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Lirael (Abhorsen, #2)

Write on: Sun, 25 Feb 2018 by  in TS' Reviews Be the first to comment! Read 1201

3/5 stars.

While the Abhorsen series continues to thrive on its magic and worldbuilding, the characterisation in Lirael is unfortunately not up to par with its predecessor, Sabriel.

It does appear that Sabriel is written almost like a stand-alone, as this sequel takes place almost one and a half decade after the events in the first book with two new main characters; Lirael, a daughter of the Clayr and Prince Sameth, the son of Sabriel and Touchstone.

Both characters demonstrate the typical angst and insecurity of teenagers; one who bemoans the absence of a power that is the birthright of her race and the other who decries the responsibility thrust upon him because of his birthright and powers.  If I have to choose, I will say Lirael is definitely the more aggravating character.   While the other Clayrs of ages younger than Lirael started gaining the power of Seeing, she remained an outcast as she continues to well into her teenage years without even a hint of it.  However, it turns out that she is very adept at Charter magic and has the ability learn quickly and perform marvellous feats which most others cannot.  BUT just because she cannot See, her anxiety that she will never fully be one of the Clayrs grates on her self-confidence and my patience.   The appearance of the Disreputable Dog - a creature of magic - was a welcome change to Lirael's story.  Not accepting her constant self-belittling, the Dog prods her into action that finally takes the direction of her tale towards an intriguing revelation of her potential heritage.  Prince Sameth (or Sam) may be less annoying but I do feel like giving him a good shake for both his actions and inaction in addressing his debilitating fear of his legacy.    

The Disreputable Dog

The highlight of this series so far truly lies in the magic and worldbuilding.  We learn more of the Clayr, a race who appeared briefly in Sabriel, and the birth of the Charter, created out of Free Magic.  The seven bells used for necromancy and controlling both the living and the dead, which are tied to the creation of the Charter, are just simply fascinating.  So is the portrayal of Death, which is a river, grey and cold, with currents pulling the dead through the Gates, nine in all before a soul goes beyond any necromancer's ability to be summoned back.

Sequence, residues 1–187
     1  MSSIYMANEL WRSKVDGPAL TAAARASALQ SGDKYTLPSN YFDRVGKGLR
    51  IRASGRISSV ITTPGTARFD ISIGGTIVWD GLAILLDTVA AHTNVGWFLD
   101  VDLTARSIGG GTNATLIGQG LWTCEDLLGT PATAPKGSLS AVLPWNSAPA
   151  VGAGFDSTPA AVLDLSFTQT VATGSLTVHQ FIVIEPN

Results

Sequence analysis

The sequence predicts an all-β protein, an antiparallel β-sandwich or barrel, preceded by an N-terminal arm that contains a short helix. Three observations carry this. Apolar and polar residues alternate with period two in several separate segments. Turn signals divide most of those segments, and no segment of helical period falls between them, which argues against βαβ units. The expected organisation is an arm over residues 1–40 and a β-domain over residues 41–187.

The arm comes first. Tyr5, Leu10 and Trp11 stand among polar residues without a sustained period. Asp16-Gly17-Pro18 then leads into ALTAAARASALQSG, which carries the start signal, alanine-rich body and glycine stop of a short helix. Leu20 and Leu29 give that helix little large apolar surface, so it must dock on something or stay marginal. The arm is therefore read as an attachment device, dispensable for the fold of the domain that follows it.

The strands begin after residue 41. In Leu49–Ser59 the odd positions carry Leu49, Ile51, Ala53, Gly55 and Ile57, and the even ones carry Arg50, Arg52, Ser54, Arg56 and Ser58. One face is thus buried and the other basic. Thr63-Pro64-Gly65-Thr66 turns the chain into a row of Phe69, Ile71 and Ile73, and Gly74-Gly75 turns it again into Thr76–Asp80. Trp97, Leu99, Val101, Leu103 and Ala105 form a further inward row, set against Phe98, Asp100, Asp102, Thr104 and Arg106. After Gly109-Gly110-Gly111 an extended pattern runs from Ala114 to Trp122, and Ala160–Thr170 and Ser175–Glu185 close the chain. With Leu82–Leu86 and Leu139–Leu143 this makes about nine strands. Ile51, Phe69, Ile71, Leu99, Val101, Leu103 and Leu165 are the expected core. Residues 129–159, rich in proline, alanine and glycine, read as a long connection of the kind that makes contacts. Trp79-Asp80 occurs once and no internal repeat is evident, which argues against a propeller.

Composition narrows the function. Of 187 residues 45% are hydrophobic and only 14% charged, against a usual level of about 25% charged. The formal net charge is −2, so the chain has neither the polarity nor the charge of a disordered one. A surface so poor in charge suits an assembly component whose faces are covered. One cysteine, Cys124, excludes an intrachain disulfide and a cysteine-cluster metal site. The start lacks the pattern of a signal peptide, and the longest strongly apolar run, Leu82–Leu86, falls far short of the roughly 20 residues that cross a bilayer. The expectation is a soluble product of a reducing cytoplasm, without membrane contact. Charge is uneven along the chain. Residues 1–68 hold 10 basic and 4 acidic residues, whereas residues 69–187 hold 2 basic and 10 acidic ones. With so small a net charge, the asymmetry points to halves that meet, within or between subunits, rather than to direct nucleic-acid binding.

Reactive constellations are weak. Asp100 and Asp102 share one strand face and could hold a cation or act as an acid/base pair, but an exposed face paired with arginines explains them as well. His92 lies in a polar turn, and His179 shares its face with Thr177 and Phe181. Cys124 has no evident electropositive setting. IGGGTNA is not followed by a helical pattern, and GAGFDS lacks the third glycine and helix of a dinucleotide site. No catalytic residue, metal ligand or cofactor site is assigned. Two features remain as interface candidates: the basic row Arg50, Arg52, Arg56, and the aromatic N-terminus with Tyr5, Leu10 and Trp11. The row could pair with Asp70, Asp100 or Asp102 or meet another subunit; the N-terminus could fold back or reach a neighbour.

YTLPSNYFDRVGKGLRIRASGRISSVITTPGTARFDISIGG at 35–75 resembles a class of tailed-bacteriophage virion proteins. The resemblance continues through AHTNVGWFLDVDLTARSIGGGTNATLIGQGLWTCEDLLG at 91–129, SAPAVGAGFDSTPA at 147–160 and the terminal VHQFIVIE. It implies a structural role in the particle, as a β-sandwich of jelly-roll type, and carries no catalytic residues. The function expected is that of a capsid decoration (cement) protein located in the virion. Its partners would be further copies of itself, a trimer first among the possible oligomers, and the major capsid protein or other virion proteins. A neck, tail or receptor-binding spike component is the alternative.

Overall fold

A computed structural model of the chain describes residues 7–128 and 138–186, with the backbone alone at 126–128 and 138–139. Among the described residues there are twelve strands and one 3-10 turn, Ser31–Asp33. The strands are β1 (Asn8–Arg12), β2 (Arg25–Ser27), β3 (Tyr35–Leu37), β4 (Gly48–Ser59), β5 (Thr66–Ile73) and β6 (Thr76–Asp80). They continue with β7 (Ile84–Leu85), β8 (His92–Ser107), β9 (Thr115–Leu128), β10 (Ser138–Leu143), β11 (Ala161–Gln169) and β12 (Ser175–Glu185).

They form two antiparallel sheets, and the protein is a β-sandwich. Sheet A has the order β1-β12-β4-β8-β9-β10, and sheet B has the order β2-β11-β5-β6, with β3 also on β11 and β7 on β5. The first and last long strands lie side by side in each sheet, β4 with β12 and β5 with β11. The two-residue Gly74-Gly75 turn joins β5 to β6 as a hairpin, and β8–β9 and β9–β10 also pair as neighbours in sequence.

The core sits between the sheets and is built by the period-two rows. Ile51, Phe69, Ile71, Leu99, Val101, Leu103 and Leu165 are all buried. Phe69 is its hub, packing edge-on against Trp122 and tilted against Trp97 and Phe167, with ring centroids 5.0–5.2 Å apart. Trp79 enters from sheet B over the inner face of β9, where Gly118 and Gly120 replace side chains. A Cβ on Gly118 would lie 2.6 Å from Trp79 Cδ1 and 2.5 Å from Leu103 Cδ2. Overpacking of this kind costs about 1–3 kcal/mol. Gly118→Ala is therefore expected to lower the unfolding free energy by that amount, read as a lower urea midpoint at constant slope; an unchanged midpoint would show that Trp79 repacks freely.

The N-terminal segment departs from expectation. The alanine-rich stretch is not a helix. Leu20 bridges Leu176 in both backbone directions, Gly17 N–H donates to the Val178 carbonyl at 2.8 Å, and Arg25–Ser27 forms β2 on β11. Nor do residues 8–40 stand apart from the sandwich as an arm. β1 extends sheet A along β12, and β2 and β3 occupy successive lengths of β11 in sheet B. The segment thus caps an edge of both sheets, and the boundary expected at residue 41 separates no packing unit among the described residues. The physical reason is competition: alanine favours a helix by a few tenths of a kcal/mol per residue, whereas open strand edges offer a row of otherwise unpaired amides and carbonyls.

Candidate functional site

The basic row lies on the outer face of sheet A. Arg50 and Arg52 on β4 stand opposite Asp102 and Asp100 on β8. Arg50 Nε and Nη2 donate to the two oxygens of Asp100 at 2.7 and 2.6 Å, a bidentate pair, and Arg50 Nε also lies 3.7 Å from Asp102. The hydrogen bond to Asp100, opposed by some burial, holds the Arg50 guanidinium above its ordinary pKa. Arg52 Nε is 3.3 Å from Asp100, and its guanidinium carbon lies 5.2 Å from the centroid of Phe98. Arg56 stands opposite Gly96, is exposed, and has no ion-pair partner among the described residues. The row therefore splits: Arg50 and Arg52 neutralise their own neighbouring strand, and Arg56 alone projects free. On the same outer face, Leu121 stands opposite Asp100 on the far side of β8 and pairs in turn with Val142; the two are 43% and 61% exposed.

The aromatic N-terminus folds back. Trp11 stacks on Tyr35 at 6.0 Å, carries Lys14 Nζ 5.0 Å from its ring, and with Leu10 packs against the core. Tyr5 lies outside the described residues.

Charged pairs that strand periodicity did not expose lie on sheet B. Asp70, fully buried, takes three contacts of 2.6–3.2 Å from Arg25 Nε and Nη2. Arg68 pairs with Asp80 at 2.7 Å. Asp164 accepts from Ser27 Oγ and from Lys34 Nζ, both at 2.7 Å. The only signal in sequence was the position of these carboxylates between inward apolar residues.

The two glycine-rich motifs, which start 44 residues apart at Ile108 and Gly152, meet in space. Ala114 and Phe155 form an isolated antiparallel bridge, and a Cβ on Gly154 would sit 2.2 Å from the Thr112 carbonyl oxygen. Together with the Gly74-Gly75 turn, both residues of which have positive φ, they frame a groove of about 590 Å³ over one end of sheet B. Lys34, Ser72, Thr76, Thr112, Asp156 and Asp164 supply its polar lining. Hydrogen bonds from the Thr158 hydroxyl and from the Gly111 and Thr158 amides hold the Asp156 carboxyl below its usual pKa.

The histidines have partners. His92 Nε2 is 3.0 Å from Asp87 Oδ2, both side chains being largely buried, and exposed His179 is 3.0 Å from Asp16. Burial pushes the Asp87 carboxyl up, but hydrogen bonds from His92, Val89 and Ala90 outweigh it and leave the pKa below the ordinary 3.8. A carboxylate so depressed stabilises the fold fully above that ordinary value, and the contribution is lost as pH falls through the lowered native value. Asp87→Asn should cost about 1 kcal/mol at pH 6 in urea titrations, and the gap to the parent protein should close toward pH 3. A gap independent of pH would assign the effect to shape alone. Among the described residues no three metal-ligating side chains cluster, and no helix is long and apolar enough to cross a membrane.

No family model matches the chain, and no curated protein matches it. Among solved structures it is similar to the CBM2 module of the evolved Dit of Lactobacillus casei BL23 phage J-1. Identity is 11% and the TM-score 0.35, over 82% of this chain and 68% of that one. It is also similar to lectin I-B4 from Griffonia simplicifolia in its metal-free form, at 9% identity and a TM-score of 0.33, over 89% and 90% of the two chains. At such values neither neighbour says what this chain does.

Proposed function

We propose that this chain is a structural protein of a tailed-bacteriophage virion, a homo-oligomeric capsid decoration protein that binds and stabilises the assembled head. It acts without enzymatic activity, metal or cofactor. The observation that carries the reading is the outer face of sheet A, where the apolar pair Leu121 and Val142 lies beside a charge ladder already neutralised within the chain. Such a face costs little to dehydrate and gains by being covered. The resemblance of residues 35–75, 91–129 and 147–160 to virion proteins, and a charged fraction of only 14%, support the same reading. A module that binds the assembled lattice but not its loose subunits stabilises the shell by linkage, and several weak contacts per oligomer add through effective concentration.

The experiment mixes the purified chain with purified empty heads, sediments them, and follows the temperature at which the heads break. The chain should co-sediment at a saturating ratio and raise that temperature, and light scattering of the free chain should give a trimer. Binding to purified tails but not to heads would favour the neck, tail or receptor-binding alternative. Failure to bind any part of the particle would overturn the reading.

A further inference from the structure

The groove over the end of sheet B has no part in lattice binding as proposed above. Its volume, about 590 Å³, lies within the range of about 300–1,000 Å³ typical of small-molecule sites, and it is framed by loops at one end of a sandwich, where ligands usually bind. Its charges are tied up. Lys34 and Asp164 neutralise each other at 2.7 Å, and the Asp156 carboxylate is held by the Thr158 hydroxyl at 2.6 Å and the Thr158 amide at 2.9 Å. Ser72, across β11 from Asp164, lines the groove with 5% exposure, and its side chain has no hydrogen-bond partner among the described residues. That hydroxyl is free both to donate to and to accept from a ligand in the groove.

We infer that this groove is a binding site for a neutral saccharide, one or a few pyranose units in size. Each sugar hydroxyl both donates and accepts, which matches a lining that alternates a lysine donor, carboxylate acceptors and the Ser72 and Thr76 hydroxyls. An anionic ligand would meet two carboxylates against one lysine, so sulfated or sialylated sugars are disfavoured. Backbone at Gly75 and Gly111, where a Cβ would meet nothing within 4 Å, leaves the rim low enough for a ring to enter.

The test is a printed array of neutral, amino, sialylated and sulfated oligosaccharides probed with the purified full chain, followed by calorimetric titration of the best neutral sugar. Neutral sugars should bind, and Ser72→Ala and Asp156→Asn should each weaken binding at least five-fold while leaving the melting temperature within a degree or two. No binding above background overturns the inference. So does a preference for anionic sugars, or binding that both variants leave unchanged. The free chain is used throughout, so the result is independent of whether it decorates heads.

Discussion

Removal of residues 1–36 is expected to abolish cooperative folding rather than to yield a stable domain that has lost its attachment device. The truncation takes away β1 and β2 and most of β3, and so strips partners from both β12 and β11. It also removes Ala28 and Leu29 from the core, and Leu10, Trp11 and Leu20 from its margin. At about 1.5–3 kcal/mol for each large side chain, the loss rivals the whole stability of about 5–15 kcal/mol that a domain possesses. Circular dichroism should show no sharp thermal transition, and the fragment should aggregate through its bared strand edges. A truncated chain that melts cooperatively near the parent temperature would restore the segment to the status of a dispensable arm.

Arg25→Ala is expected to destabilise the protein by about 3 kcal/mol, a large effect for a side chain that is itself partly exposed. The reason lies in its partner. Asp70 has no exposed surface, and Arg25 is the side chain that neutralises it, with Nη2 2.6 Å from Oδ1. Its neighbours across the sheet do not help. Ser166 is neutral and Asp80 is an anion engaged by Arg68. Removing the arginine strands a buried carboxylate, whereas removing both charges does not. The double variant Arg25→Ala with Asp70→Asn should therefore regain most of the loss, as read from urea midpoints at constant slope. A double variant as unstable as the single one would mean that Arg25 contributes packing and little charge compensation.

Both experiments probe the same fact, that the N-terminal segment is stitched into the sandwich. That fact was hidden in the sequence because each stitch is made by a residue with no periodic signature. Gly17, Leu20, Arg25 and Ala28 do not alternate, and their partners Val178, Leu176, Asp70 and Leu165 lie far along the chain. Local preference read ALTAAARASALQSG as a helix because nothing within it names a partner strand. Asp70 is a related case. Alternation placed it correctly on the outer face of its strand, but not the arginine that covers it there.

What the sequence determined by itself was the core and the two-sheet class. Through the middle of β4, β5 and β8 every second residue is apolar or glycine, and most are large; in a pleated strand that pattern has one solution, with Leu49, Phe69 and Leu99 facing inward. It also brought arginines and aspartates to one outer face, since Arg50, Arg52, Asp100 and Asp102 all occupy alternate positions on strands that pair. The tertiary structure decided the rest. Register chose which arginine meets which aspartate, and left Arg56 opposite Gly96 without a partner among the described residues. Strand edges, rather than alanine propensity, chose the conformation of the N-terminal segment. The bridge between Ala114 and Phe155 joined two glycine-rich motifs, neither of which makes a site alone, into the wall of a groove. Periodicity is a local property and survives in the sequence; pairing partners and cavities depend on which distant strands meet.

The story also started to become more interesting when Lirael and Sam's eventually encountered each other under grave circumstances.   This also meant that The Disreputable Dog met Mogget, the cat, who is now accompanying Sam after he stole away from the palace under the guise of an ordinary traveller.  It was pretty obvious from the start that both these creatures of magic had a history together, and not an entirely pleasant one.  A delightful turn of events, one might say. 

The common thread that brought Lirael and Sam together is the potential re-emergence of an extremely dangerous and powerful entity engineered by a necromancer of considerable strength.  As we find both our main characters getting to terms with each of their own true legacies, the enemy is moving ever closer to his goal. This volume concluded on an unresolved note, with Lirael and Sam both contending with the grim prospect of having to face this new adversary, setting up the stage for the next book, Abhorsen.

 

Last modified on Sunday, 25 February 2018 05:40
TS

A self-professed geek and proud of it, I started reading at a tender age and never really stopped until work got in the way for several years.  I regained my voracious appetite for books a few years back and then started to enjoy writing down my thoughts.  I am more of an emotional/instinctual rather than a critical reader. 

Aside from reading, I enjoy outdoor sports (running, hiking, cycling, an occasional frisbee game), photography and travelling.

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